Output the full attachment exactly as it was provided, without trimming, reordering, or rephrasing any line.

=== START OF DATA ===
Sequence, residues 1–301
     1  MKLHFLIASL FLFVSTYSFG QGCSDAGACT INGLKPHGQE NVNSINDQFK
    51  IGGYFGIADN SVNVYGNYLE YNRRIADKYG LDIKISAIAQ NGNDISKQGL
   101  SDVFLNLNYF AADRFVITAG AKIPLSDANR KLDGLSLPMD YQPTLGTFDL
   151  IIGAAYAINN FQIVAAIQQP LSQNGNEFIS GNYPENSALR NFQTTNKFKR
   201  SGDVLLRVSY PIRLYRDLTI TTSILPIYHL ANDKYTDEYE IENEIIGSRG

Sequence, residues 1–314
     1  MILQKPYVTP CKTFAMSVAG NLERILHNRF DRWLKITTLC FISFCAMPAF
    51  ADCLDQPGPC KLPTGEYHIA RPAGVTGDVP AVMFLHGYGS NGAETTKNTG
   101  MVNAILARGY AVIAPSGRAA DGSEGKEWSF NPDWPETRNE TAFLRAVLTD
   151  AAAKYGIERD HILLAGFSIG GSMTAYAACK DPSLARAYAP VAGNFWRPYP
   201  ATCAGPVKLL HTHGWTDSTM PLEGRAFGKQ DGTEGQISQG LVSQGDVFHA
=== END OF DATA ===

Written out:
Sequence, residues 1–301
     1  MKLHFLIASL FLFVSTYSFG QGCSDAGACT INGLKPHGQE NVNSINDQFK
    51  IGGYFGIADN SVNVYGNYLE YNRRIADKYG LDIKISAIAQ NGNDISKQGL
   101  SDVFLNLNYF AADRFVITAG AKIPLSDANR KLDGLSLPMD YQPTLGTFDL
   151  IIGAAYAINN FQIVAAIQQP LSQNGNEFIS GNYPENSALR NFQTTNKFKR
   201  SGDVLLRVSY PIRLYRDLTI TTSILPIYHL ANDKYTDEYE IENEIIGSRG

Sequence, residues 1–314
     1  MILQKPYVTP CKTFAMSVAG NLERILHNRF DRWLKITTLC FISFCAMPAF
    51  ADCLDQPGPC KLPTGEYHIA RPAGVTGDVP AVMFLHGYGS NGAETTKNTG
   101  MVNAILARGY AVIAPSGRAA DGSEGKEWSF NPDWPETRNE TAFLRAVLTD
   151  AAAKYGIERD HILLAGFSIG GSMTAYAACK DPSLARAYAP VAGNFWRPYP
   201  ATCAGPVKLL HTHGWTDSTM PLEGRAFGKQ DGTEGQISQG LVSQGDVFHA